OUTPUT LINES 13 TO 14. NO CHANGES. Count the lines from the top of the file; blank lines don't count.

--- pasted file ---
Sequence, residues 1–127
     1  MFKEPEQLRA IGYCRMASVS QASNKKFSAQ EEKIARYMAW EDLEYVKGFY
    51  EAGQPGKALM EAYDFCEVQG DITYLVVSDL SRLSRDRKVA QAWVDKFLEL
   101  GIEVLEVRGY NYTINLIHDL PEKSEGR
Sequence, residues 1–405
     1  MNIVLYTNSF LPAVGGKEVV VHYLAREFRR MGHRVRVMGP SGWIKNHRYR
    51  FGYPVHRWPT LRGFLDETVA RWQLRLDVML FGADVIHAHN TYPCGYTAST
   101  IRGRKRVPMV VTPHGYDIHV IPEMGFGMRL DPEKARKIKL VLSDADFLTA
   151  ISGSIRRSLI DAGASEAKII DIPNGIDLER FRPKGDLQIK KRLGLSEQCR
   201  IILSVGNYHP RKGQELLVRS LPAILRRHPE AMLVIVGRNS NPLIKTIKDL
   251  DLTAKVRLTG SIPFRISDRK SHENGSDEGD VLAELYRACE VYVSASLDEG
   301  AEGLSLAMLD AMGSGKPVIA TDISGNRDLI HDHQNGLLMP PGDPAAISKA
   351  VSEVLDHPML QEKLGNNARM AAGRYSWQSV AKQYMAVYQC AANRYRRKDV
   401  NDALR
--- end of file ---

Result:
   351  VSEVLDHPML QEKLGNNARM AAGRYSWQSV AKQYMAVYQC AANRYRRKDV
   401  NDALR